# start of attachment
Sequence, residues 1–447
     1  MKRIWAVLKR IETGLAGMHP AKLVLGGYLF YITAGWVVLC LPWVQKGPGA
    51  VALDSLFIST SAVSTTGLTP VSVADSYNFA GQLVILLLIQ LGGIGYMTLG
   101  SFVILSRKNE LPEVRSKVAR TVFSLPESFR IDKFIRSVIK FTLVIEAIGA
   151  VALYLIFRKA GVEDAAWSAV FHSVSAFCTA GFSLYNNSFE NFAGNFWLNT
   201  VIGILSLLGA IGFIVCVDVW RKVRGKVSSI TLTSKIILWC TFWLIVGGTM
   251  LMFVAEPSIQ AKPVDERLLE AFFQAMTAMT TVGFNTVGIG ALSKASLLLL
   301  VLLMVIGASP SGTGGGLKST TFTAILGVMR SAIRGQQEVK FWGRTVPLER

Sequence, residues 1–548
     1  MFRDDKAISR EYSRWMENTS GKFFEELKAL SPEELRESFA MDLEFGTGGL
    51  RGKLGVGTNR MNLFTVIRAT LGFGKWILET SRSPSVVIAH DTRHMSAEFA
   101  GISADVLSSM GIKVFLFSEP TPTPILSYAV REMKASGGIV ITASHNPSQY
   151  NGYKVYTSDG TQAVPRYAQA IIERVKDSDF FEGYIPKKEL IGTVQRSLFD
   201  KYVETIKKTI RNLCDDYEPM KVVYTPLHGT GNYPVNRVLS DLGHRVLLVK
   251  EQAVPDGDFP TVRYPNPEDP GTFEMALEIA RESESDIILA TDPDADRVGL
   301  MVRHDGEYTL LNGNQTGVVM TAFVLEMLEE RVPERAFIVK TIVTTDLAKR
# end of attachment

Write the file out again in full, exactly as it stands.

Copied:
Sequence, residues 1–447
     1  MKRIWAVLKR IETGLAGMHP AKLVLGGYLF YITAGWVVLC LPWVQKGPGA
    51  VALDSLFIST SAVSTTGLTP VSVADSYNFA GQLVILLLIQ LGGIGYMTLG
   101  SFVILSRKNE LPEVRSKVAR TVFSLPESFR IDKFIRSVIK FTLVIEAIGA
   151  VALYLIFRKA GVEDAAWSAV FHSVSAFCTA GFSLYNNSFE NFAGNFWLNT
   201  VIGILSLLGA IGFIVCVDVW RKVRGKVSSI TLTSKIILWC TFWLIVGGTM
   251  LMFVAEPSIQ AKPVDERLLE AFFQAMTAMT TVGFNTVGIG ALSKASLLLL
   301  VLLMVIGASP SGTGGGLKST TFTAILGVMR SAIRGQQEVK FWGRTVPLER

Sequence, residues 1–548
     1  MFRDDKAISR EYSRWMENTS GKFFEELKAL SPEELRESFA MDLEFGTGGL
    51  RGKLGVGTNR MNLFTVIRAT LGFGKWILET SRSPSVVIAH DTRHMSAEFA
   101  GISADVLSSM GIKVFLFSEP TPTPILSYAV REMKASGGIV ITASHNPSQY
   151  NGYKVYTSDG TQAVPRYAQA IIERVKDSDF FEGYIPKKEL IGTVQRSLFD
   201  KYVETIKKTI RNLCDDYEPM KVVYTPLHGT GNYPVNRVLS DLGHRVLLVK
   251  EQAVPDGDFP TVRYPNPEDP GTFEMALEIA RESESDIILA TDPDADRVGL
   301  MVRHDGEYTL LNGNQTGVVM TAFVLEMLEE RVPERAFIVK TIVTTDLAKR